Electric Cars Will Soon Run The World

Electric Cars Will Soon Run The World

Editor Wakesho
When TreeHouse opened their first store in Dallas, Texas, they celebrated with a gala, invitation-only grand opening evening event. We were there to capture the event with our Canons, and produced this long-exposure image at twilight as guests were arriving and getting their vehicles parked. A parked Tesla Model X is visible in the background, while a Tesla Model S is traveling across the foreground and produced the beautiful light trails.
Photo by Thomas Kolnowski / Unsplash

Nearly every automaker is planning on releasing at least one battery-powered model in the coming years. As technology advances, electric cars will become faster, they’ll offer more range, and they’ll put better technology very fast. EV markets are on the rise, the world has seen the benefits of going electric, with UK saying it will go fully electric by 2035. More car automakers are coming up with their EVs, this is a win for the environment, we all need clean air and silent streets.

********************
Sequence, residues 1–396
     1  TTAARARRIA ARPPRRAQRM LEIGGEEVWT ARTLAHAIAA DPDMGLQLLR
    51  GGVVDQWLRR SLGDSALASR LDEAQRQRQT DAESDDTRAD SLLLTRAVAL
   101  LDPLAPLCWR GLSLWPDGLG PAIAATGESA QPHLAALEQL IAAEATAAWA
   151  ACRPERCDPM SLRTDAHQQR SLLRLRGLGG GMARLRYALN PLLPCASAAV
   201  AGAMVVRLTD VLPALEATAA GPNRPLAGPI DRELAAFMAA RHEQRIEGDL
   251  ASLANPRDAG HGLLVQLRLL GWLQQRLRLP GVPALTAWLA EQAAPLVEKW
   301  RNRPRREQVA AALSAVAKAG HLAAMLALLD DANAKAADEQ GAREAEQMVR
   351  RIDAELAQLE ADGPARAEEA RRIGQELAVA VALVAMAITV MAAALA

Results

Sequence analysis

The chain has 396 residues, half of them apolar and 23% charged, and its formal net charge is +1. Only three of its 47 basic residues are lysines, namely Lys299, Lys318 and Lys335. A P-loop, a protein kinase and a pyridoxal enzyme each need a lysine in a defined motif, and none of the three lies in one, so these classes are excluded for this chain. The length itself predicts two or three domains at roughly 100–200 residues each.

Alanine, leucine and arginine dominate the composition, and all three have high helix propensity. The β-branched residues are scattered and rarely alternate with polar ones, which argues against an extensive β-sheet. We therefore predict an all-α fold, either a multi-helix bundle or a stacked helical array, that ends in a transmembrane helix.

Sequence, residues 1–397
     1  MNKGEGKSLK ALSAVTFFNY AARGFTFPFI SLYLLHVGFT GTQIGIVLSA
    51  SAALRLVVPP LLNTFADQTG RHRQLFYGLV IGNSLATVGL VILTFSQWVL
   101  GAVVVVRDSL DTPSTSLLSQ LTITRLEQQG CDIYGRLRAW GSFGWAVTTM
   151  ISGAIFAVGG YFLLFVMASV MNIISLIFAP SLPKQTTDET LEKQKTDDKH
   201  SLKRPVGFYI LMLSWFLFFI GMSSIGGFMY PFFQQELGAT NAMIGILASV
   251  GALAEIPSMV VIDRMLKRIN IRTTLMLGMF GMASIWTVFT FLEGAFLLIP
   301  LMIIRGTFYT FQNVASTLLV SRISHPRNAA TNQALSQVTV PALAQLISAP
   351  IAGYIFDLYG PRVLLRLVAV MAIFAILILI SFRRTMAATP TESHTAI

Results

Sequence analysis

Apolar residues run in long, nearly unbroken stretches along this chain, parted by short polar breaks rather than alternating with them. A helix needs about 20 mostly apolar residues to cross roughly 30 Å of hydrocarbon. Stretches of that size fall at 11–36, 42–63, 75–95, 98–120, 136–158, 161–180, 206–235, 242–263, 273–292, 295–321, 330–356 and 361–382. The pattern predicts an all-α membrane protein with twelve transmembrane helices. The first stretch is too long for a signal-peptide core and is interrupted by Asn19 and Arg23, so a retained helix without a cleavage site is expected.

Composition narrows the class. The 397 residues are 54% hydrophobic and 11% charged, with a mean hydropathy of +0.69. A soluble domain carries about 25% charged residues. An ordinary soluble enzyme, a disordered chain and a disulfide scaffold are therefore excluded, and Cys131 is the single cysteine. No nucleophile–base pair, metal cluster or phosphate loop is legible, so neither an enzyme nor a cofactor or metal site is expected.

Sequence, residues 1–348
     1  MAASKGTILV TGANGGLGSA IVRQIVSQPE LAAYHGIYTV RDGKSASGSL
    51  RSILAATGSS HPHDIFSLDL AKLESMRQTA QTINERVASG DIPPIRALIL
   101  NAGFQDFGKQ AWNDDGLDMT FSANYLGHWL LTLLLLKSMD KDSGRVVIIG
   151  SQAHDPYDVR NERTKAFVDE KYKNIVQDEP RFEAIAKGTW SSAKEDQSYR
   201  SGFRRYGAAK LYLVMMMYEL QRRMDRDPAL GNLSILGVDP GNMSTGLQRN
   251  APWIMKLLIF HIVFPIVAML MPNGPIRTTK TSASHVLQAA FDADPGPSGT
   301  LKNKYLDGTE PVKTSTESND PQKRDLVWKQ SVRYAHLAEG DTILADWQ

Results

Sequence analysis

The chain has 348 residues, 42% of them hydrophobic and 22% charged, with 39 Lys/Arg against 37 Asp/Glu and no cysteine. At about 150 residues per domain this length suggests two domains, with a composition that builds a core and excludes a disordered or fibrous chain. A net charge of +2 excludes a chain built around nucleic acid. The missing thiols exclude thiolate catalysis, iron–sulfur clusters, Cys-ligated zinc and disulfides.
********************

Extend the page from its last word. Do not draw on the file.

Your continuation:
Electric mobility gives car designers more creativity compared to the combustion cars. Most analysts seem to be saying that this progressive shift to electricity is an intermediate stage in the transition to a model of mobility as a service based on self-driving vehicles and robot axis.

Volvo’s has announced that it will start  selling Lidar-equipped autonomous vehicles from 2022. The idea is that more and more of us will prefer to use such services rather than own an underused asset. If the recent pandemic has made one thing clear, it is the potential of the autonomous vehicle.

If  you want to own an EV you must have a garage where you can be able to recharge your car,  an electric vehicle is not an attractive proposition, which fits in with the plans of growing numbers of cities, are saying they want to free up on space on their streets post pandemic, questioning the appropriation of public space by private vehicles for parking. Just think how much better life would be if, instead of our streets being lined with unsightly rows of cars, we had room for wider sidewalks, bicycle lanes, public transport or loading and unloading areas.

The EV boom will also create a demand for more power, which may create problems for balancing and even running the power grid, especially given that peak EV charging times coincide with peak-heating demand.  There are other mobility options too, including improved public transport with trains, buses and trams, that are powered with green electricity or hydrogen. This might be seen as more socially and environmentally beneficial, together with the overall need to reduce demand for travelling.